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Ben Okri (Benjamin Okri) Biography

(1959– ), (Benjamin Okri), Flowers and Shadows, The Landscapes Within, The Famished Road, Songs of Enchantment

Literature Reference: American Literature, English Literature, Classics & Modern FictionEncyclopedia of Literature: Joseph O'Connor Biography to Cynthia Ozick Biography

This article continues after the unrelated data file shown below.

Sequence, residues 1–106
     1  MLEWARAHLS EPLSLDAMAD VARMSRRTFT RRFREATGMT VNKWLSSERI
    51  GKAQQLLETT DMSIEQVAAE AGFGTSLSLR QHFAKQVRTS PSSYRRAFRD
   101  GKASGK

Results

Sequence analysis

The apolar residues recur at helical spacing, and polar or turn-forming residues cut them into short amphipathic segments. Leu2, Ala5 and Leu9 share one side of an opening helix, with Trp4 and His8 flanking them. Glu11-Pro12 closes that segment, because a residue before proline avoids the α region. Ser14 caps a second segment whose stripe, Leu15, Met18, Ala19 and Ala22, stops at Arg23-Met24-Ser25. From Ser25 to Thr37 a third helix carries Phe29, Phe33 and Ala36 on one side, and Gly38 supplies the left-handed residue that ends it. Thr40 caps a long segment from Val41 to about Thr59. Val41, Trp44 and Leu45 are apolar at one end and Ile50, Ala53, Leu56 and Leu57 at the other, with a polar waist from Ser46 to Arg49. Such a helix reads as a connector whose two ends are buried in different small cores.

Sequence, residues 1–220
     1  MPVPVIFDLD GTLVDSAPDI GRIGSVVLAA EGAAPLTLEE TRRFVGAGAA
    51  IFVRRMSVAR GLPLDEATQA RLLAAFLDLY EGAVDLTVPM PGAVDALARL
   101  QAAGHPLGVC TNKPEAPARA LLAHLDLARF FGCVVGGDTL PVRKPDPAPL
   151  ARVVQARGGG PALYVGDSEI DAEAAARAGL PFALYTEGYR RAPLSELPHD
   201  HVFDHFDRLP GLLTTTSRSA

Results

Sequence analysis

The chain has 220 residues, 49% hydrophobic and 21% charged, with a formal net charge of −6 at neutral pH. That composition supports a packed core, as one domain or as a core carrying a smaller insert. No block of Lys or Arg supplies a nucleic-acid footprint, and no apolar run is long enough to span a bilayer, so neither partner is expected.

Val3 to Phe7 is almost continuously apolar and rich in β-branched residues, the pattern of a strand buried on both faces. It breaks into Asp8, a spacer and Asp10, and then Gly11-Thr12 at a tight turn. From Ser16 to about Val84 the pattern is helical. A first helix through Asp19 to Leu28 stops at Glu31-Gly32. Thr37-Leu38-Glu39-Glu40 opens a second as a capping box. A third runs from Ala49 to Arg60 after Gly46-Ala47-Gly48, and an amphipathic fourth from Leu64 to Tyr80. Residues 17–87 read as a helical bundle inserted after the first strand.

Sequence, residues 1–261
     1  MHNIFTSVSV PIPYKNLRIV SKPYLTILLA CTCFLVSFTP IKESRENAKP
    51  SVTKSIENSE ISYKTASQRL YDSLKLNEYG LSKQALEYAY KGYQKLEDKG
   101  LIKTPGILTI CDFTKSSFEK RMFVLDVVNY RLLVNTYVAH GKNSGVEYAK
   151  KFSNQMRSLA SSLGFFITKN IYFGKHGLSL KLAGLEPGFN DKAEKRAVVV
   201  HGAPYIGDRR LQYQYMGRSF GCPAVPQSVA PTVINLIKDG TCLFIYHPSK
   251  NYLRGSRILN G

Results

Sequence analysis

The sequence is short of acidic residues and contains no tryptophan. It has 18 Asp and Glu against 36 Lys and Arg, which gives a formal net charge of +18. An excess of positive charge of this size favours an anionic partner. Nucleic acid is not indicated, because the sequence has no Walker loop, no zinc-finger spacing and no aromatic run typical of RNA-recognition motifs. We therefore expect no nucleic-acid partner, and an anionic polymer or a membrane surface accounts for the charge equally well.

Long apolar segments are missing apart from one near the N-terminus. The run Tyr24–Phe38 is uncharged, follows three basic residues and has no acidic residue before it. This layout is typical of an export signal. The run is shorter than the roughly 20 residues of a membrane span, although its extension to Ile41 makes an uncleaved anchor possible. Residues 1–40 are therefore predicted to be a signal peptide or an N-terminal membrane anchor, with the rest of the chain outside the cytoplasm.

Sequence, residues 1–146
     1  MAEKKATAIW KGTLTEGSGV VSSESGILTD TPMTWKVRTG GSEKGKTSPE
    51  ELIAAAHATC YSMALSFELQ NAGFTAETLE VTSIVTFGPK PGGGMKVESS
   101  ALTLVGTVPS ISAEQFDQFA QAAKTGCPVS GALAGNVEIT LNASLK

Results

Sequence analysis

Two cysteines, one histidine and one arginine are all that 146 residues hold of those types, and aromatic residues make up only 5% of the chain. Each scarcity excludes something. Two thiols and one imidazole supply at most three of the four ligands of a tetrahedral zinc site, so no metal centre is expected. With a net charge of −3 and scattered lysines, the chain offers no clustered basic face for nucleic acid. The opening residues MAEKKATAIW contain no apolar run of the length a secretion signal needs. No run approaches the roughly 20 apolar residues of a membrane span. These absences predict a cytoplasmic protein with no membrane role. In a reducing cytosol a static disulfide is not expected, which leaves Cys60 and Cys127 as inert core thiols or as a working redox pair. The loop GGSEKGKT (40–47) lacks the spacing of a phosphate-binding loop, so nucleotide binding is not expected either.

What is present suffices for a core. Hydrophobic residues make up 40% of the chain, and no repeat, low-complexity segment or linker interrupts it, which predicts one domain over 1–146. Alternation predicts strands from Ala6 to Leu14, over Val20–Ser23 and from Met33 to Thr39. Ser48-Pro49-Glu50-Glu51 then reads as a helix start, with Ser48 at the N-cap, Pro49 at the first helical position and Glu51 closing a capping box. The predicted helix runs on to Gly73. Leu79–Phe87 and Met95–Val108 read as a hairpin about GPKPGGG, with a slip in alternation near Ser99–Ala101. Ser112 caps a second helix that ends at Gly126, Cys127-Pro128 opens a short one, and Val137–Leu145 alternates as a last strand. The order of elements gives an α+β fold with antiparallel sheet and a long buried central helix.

Nigerian novelist, poet, and short-story writer, born in Lagos, educated at Urhobo College, Warri, and at the University of Essex. His first novel, Flowers and Shadows (1980), focuses on an adolescent boy living a cocooned existence until he discovers his father's ruthless business dealings; the consequences become explosive for the entire family. The Landscapes Within (1981) deals with an artist whose protests in his paintings against squalor and inhumanity rebound disastrously on him. The narrator of his novel The Famished Road (1991; Booker Prize) is a ‘spirit-child’, determined to stay on earth ‘to make his mother smile’, rather than die early and return to the spirit world. As a result, Okri achieves a haunting parable of social and economic conditions in Africa, and illuminates its complex, often brutal realities. Songs of Enchantment (1993), a briefer work, is its sequel, continuing the narrative of the spirit-child Azaro; Astonishing the Gods (1995) is a parable-like novel in which a traveller, finding himself on an island with invisible inhabitants, learns to question distinctions between mental and physical experience; Dangerous Love (1996) sets a love story into a realistic portrayal of Lagos during the early 1970s. His short stories, collected in Incidents at the Shrine (1986) and Stars of the New Curfew (1988), are also underpinned by a corrosive disillusionment on the part of key protagonists, together with strong social comment, but stylistically they go further, often generating a phantasmagoric realism. Okri's poems are collected in An African Elegy (1992).

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